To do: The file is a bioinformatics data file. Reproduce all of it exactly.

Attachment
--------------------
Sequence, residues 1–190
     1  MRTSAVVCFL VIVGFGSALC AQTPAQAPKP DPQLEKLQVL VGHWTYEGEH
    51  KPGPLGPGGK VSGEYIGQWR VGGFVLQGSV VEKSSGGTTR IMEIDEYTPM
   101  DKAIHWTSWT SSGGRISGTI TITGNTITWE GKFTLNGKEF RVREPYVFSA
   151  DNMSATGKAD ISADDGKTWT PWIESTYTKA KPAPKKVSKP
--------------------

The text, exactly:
Sequence, residues 1–190
     1  MRTSAVVCFL VIVGFGSALC AQTPAQAPKP DPQLEKLQVL VGHWTYEGEH
    51  KPGPLGPGGK VSGEYIGQWR VGGFVLQGSV VEKSSGGTTR IMEIDEYTPM
   101  DKAIHWTSWT SSGGRISGTI TITGNTITWE GKFTLNGKEF RVREPYVFSA
   151  DNMSATGKAD ISADDGKTWT PWIESTYTKA KPAPKKVSKP